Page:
74. Have broken through at least one brick wall.
  75. Done genealogy research at a court house.
  76. Borrowed microfilm from the Family History Library through a local Family History Center(s) 
  77. Found an ancestor in an online newspaper archive.
  78. Have visited a NARA branch.
  79. Have an ancestor who served in WWI or WWII. Several, my maternal great grandmother's brother, Earnest C Hayes, was killed in action during WWI.
  80. Use maps in my genealogy research.
  81. Have a blacksheep ancestor.
  82. Found a bigamist amongst my ancestors. No, but I do have one that would have a child with his mistress, then marry her once his current wife passed. According to my grandmother, that side of the family was well-known for doing that.
  83. Attended a genealogical institute. 
  84. Taken online genealogy (and local history) courses. 
  85. Consistently (document) and cite my sources. Still working on this, although I'm getting better about it.
  86. Visited a foreign country (i.e. one I don’t live in) in search of ancestors. 
  87. Can locate any document in my research files within a few minutes. As long as it isn't sitting in my to-be-filed basket.
  88. Have an ancestor who was married four times. I have a few, the most notable being my maternal great grandfather, Clyde Thomas Vanzandt, who was married 8 times. In his defense, he actually only had 4 wives. He married one woman twice and another woman three times.
  89. Made a rubbing of an ancestor’s gravestone.
  90. Followed genealogists on Twitter. You can follow me @freefamilytree.
  91. Published a family history book.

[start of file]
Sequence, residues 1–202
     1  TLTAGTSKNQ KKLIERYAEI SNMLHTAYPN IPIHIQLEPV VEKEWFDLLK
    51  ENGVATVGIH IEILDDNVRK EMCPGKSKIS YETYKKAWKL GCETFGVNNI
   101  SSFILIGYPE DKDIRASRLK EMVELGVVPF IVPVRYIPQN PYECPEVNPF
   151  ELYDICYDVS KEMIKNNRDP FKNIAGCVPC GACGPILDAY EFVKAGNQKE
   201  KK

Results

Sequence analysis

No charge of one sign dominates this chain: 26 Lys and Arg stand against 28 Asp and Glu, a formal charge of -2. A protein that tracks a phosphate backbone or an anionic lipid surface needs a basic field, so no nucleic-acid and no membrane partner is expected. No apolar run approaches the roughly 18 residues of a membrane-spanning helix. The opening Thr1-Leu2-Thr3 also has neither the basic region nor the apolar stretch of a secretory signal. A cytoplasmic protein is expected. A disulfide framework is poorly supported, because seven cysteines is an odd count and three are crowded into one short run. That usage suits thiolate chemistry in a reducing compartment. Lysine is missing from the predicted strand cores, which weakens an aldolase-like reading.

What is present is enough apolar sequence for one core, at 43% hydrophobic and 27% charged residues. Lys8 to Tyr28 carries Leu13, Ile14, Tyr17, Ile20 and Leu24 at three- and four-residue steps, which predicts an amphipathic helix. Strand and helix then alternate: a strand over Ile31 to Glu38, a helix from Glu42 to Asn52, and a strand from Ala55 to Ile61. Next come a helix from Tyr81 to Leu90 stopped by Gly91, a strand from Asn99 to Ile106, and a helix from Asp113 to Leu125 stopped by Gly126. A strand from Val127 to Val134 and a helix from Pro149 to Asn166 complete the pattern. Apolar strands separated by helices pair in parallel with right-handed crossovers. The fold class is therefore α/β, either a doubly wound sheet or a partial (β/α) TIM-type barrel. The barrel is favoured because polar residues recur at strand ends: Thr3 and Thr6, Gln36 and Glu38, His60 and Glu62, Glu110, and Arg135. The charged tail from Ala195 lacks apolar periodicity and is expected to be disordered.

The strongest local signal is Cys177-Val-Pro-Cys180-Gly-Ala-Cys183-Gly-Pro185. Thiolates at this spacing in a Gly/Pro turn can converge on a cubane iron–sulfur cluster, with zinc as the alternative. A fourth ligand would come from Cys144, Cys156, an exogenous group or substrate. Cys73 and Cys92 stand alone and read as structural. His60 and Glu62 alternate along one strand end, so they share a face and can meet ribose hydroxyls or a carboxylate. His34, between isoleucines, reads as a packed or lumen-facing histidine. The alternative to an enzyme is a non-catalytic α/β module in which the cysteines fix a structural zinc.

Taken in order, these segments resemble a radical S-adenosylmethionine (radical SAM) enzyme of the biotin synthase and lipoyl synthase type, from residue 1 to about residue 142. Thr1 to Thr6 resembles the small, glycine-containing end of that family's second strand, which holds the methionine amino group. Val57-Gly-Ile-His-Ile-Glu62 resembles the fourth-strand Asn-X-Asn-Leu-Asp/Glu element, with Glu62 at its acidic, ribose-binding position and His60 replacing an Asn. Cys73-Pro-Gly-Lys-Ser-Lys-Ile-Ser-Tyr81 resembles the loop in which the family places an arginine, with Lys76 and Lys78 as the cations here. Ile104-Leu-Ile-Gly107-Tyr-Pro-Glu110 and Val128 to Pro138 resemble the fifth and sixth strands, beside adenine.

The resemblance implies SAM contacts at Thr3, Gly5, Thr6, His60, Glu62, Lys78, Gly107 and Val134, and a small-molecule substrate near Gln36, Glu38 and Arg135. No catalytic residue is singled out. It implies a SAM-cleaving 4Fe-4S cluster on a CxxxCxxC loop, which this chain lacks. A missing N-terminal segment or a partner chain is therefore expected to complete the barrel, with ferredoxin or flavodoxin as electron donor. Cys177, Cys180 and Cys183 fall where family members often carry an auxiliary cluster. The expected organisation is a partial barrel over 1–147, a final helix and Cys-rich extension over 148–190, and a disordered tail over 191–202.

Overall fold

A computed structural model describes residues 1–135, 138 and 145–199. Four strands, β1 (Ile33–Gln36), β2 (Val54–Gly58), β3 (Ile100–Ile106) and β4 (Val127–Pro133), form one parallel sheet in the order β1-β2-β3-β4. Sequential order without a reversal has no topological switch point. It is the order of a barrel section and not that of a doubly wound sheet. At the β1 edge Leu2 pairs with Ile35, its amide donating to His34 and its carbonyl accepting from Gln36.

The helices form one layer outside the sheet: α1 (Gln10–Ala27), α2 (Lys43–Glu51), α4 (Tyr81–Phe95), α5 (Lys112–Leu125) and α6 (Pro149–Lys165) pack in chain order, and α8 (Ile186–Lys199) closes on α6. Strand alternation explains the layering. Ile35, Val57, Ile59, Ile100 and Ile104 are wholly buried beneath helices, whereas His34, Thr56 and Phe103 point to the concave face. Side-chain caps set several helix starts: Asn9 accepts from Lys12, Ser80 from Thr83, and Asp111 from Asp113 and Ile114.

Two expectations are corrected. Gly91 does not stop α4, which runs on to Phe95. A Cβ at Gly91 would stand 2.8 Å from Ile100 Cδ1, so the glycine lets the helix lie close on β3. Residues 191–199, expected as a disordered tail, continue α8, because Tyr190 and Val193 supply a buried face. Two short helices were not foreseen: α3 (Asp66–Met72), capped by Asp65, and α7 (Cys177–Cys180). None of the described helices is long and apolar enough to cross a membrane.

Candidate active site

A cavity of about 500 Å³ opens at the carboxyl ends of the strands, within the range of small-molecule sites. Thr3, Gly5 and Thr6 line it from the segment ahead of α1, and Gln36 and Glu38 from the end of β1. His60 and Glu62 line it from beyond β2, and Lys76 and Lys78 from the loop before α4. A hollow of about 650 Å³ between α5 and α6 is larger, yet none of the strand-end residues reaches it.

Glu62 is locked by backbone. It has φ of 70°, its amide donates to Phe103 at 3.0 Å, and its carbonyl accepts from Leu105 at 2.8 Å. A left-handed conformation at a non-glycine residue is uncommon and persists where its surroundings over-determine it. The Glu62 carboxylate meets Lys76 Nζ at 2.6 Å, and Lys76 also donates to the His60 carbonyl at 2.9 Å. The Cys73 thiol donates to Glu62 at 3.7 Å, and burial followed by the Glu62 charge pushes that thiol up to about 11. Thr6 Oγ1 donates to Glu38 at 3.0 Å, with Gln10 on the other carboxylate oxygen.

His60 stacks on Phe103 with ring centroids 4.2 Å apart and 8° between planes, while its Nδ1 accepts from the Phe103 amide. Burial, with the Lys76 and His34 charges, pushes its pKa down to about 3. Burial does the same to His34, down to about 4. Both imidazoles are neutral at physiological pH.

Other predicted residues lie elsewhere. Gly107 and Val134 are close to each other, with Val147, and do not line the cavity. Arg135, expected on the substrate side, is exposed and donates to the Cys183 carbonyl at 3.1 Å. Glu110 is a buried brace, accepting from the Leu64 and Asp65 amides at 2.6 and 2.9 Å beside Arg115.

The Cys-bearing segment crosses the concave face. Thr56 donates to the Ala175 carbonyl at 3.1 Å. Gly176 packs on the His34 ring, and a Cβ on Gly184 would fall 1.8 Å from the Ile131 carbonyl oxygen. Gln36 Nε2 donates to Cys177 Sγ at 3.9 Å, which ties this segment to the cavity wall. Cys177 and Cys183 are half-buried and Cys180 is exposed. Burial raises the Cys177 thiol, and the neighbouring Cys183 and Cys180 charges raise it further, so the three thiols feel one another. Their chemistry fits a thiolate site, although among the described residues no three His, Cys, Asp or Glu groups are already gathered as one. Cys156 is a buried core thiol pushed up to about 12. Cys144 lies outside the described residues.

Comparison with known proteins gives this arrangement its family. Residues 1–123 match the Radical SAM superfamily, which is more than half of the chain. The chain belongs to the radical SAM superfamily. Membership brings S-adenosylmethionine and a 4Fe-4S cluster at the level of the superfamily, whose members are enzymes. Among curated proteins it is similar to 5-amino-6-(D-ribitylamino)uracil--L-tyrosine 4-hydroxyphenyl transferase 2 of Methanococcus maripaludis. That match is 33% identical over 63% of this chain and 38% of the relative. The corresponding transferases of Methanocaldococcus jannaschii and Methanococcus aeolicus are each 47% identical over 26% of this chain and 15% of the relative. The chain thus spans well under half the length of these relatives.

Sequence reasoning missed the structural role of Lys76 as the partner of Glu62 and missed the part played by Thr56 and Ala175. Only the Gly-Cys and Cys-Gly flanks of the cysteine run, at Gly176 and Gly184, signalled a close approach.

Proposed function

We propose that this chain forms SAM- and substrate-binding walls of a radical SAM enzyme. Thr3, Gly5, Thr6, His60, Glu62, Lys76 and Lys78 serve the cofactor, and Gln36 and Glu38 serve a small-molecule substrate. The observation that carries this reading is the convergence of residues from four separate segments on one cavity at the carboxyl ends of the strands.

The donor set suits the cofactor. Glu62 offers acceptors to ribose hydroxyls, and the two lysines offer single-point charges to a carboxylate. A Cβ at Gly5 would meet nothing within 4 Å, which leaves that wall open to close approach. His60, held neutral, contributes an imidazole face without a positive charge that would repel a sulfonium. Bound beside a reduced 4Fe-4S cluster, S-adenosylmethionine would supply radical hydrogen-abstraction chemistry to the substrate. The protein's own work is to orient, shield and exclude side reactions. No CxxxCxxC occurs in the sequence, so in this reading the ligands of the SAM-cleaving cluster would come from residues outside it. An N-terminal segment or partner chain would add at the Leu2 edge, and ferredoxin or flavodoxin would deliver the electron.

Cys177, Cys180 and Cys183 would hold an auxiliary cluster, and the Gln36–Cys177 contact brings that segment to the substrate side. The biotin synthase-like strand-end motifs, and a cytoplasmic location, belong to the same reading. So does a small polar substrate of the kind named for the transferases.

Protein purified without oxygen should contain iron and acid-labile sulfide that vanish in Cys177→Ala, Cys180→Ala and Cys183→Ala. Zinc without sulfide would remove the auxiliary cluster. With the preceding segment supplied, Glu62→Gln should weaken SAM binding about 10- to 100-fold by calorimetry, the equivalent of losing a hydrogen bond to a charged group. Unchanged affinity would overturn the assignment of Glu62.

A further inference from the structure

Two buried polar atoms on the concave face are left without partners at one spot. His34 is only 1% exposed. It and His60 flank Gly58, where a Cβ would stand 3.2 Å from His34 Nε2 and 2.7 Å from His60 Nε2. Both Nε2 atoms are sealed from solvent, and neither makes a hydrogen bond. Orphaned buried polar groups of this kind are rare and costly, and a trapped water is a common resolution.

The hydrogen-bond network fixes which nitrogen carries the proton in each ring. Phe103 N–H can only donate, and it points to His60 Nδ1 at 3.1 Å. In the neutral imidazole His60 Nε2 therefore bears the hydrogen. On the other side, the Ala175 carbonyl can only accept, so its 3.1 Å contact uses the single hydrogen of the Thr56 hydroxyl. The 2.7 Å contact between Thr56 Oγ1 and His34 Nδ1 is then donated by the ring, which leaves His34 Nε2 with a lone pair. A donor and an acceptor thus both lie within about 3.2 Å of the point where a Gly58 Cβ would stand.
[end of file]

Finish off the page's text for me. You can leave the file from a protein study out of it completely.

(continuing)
92. Learned of a death of a fairly close family relative through research.
  93. Offended a family member with my research.
  94. Reunited someone with precious family photos or artifacts.
  95. Have a paid subscription to a genealogy database. 
  96. Submitted articles for FamilySearch Wiki
  97. Organized a family reunion. 
  98. Used Archives in countries where my ancestors originated.
  99. Converted someone new to the love of all things genealogy.
Thanks to Valerie at Family Cherished for alerting me to the 99 genealogy things meme. If you're not familiar with the meme, the goal is to bold things you have done or found, italicize things you want to do or find and leave normal the things you haven't done or found, and aren't interested in doing or finding (at least right now). I added my own comments in blue just because I'm not the type to give just a yes or no answer.


  1. Hi Dee

    I've got quite a few Google+ invitations left if you would like one.

  2. Dee I like your list! It really gets you thinking doesn't it? Glad it inspired you too.